That experience inspired me to tote my custom .260 on several African safaris, where I've used it to take everything from pygmy antelopes to kudu. My first kudu bull fell to a single, 140-grain Bear Claw from 167 yards. I saw the bull take the shot on the point of the shoulder before it collapsed in a heap without so much as a quiver. Since then, I've shot another six kudu and a bunch of small- to medium-sized plains game. None required a second shot. Of course, I am careful with my shot selection on bigger animals, but that should be the case with any cartridge.
The GA Precision Templar is built on the firm's proprietary action. A tactical bolt knob, Badger Ordnance detachable magazine system, and Badger scope base are all standard. The rings and scope are by NightForce.
When we travel to Africa later this year for my children's first safari, we'll be toting a pair of .260s. Chloe and Cole will be hunting with a lightweight, shortened Browning A-Bolt, and I'll be toting that Hill Country rifle zeroed with Federal's new 120-grain TSX load. It should work perfectly on everything from impala to kudu.
At The Range
To the casual shooter reading the .260's ballistics charts, the .260's muzzle velocity of 2,900 fps with a 120-grain bullet and 2,750 fps with a 140-grain projectile must look pretty boring. But competitive shooters looked beyond the basic numbers. They noted that thanks to the high ballistic coefficient and sectional density of those long, heavy-for-caliber bullets, the .260 loaded with Berger's 140-grain VLD at about 2,680 fps actually outperforms the two most popular long-distance rounds--.300 Win. Mag. with 190-grain Sierra MatchKings and .308 Win. with 175-grain MatchKings.
At 1,000 yards, the .260 Rem. drops just 26.3 inches more than the .300 Win. Mag. And at that distance, the long, sleek 6.5mm bullet drifts 8 inches less in the wind than the .300 Win. Mag. That's all despite the fact that it generates less than half the magnum .30's recoil.
The .260 really shines when compared to the 175-grain .308 match load. It has about 33 percent less recoil than the .308, and that makes calling your own shots a breeze. The .260 carries more energy at 1,000 yards than the .308 match load, which means it is more likely to tip over distant steel, even with a low hit. And the .260 drifts 30 inches less than the .308 and has a 3-foot trajectory advantage at 1,000 yards. A flatter trajectory and less wind drift translate to more hits at long range, especially in windy conditions.
My history with the .260 as a long-range cartridge is short. In fact, I first shot a target-type .260 just two years ago. But that rifle's accuracy and long-range performance inspired me to call up George Gardner of GA Precision and order a new rifle chambered for my favorite 6.5. Gardner has built several incredibly accurate rigs for me over the years, so other than to explain my long-range intentions for the rifle, I gave him carte blanche.
The rifle he sent is built on GA's Templar action, which is a much-improved take on the Model 700 action with an oversized bolt release; a double-pinned, oversized recoil lug; a greater locking-lug surface area; and a helically fluted bolt body. The bolt knob is an oversized, tactical number. It feeds from Badger Ordnance's detachable magazine system that accepts Accuracy International's five- and 10-round .308 magazines.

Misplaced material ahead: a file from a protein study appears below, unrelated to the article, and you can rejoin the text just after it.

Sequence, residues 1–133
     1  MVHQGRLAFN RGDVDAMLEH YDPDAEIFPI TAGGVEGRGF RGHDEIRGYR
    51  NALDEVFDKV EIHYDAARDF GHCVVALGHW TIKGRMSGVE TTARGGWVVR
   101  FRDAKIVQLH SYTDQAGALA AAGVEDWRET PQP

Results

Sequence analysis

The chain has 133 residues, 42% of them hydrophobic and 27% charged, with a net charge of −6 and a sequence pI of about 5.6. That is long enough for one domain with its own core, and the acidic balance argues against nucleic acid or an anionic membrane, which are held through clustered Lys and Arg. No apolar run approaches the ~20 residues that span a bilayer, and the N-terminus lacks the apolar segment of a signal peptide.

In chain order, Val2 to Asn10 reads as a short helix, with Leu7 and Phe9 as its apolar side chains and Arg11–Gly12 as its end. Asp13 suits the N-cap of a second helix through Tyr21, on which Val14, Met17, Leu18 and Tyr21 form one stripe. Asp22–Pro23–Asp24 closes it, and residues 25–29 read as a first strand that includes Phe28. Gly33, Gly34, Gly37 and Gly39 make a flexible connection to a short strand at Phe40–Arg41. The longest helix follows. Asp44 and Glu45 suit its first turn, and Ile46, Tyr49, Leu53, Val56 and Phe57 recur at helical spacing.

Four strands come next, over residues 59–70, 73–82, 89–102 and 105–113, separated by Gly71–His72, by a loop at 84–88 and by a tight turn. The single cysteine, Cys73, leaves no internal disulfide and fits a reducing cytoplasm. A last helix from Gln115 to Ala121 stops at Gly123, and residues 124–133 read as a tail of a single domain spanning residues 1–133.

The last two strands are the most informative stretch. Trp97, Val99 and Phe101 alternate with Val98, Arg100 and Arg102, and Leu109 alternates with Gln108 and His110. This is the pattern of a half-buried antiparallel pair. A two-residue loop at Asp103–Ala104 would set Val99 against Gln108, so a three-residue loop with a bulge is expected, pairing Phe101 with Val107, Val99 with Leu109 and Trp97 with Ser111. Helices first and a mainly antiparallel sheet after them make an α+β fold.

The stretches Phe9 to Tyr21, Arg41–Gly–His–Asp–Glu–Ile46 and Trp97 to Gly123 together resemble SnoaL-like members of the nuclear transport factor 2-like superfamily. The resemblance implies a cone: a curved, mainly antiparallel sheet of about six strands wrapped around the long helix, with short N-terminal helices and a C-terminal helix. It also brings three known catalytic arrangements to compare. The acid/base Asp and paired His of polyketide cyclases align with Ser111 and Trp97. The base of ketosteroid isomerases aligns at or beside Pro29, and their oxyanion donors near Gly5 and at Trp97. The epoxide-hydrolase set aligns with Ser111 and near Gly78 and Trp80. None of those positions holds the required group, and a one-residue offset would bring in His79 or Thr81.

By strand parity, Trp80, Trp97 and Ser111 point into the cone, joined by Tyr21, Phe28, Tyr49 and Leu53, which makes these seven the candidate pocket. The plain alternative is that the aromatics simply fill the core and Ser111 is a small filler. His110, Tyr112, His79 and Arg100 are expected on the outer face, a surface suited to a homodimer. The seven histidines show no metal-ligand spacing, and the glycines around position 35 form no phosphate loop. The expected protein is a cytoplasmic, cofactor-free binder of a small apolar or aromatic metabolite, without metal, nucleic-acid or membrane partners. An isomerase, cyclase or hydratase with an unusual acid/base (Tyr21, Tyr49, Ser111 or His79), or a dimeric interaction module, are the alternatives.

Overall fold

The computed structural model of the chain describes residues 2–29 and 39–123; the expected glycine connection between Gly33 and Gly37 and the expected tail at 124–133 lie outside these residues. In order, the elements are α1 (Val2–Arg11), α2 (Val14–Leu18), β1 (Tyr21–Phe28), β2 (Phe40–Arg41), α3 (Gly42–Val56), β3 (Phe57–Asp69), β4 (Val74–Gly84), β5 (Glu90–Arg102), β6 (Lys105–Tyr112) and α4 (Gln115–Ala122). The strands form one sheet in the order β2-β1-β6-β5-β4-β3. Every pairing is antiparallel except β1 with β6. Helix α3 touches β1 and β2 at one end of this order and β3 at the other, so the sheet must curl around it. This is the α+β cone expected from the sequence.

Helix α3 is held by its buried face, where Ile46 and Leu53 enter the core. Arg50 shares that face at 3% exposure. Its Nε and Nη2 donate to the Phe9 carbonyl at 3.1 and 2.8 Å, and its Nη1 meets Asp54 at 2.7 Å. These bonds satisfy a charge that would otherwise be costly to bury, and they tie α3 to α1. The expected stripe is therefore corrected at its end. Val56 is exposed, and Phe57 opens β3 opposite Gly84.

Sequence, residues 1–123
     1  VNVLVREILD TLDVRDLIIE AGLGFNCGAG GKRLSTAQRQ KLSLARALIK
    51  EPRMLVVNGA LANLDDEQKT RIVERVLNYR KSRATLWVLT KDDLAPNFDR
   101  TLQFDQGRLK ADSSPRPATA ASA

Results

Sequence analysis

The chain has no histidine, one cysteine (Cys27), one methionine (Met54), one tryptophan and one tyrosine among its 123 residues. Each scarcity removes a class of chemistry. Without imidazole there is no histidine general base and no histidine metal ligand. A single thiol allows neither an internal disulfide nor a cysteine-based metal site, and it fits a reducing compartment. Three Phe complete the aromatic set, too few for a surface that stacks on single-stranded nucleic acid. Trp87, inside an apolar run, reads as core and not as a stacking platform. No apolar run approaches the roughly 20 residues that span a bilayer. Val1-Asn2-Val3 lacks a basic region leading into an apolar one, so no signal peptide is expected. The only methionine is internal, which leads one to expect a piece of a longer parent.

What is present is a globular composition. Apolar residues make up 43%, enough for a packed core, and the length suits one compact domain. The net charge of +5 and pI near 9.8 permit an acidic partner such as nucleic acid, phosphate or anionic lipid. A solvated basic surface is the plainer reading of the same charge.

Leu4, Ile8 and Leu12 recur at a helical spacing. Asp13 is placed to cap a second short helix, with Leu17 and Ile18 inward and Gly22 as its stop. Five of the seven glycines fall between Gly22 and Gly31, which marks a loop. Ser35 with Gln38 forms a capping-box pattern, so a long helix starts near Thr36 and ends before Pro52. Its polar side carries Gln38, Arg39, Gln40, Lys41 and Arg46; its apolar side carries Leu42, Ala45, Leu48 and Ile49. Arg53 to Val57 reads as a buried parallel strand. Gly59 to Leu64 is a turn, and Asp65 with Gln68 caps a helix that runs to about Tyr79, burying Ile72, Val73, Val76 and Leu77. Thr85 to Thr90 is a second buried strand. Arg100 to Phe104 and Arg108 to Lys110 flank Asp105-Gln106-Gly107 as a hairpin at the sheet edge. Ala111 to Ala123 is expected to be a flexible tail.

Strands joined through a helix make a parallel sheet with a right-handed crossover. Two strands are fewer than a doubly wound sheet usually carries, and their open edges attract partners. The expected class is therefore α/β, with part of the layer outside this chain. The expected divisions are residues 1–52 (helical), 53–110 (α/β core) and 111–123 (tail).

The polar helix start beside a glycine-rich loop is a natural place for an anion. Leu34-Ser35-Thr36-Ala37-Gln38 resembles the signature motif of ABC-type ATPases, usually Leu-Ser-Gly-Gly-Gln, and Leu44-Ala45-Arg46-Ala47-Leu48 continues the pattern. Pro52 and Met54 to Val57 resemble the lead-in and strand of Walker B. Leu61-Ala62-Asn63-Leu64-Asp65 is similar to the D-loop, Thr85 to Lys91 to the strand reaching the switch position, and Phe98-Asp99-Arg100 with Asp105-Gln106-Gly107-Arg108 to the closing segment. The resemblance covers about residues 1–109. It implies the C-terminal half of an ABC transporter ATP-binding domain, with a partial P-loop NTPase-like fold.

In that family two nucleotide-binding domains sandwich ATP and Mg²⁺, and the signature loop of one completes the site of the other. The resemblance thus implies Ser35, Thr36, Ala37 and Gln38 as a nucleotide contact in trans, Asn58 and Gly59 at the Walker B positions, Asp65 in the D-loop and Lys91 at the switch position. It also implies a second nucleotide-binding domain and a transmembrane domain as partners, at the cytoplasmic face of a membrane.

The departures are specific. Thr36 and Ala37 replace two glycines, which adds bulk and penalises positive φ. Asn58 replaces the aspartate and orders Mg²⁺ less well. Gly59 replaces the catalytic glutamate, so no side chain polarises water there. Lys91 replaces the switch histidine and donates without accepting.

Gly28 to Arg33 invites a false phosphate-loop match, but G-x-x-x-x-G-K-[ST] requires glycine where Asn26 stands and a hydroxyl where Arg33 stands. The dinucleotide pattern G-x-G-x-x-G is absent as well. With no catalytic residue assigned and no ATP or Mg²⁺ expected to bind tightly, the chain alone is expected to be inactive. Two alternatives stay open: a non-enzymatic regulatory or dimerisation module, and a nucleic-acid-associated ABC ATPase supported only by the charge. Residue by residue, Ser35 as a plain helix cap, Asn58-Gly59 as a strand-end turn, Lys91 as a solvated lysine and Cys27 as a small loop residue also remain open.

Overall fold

In keeping with its intended role as a heavy, long-range rifle, Gardner installed a straight-tapered, 22-inch barrel from Bartlein. The cut-rifled, stainless-steel barrel has a 1:8 twist rate and measures 0.840 inch at the muzzle. The barreled action is bedded into Tom Manner's T4 stock, which is a great design for prone shooting.
I mounted a NightForce 5.5-22X scope with an illuminated reticle on the rig in a set of NightForce rings. The optic's powerful top end allows me to bring my target in close when conditions permit it, and the low end gives me a wide field of view for close work on movers. As has been my experience with other NightForce scopes, my new scope has brilliant resolution, and its adjustments track perfectly--a must for dialing up and down to hit distant targets.
The NightForce scope the author mounted on the GA Precision Templar rifle is bright and clear with precise adjustments. The angled, 30-MOA scope-mounting base allows the scope to retain enough elevation adjustment to easily go to 1,000 yards.
I started out at the 100-yard line, where I fired Lapua 139-grain Scenar bullets loaded by Black Hills--custom loaded exclusively for GA Precision--and CorBon, two handloads topped with Berger's 140-grain VLD, and a few factory hunting loads. I must confess that none of the factory hunting loads I tried shot well in my target rifle, but its long throat is probably to blame. Those same bullets shoot great in my hunting rifles. All the match loads I tried shot the lights out from 100 to 600 yards.
With Black Hills' 139-grain match load, my new rifle averaged about 0.66 MOA from 100 yards all the way out to 600 yards. CorBon's version did much better, averaging 0.38 MOA out to 600 yards. Both Berger VLD loads averaged under a half-minute. That is exceptional accuracy, to be sure, but I have a few .308s that shoot that well. What really impressed me was the .260's decreased wind drift. At 600 yards in a 12-mph crosswind, I needed five fewer clicks with my .260 than with my .308. The .260 also had almost zero recoil, which allowed me to see my hits; that's vit
al for making corrections after a missed shot.
I haven't had a chance to shoot my .260 beyond 600 yards yet, but I will be traveling to Rifle Only this spring to test it out to 1,000 yards and beyond. Based on other shooters' success with .260 Rem. rifles in the challenging Snipers Hide Cup held at Rifles Only every year, I have no doubt that my new rifle's 1,000-yard performance will continue to put a smile on my face.
As a longtime .260 fan, it's nice to see an increasing number of savvy hunters and match shooters flocking to my favorite 6.5mm. Those serious shooters have seen the .260 Rem. for what it is: a deadly, easy-on-the-shoulder round with match-winning accuracy. If those qualities appeal to you, maybe it's time you joined me on the .260 bandwagon.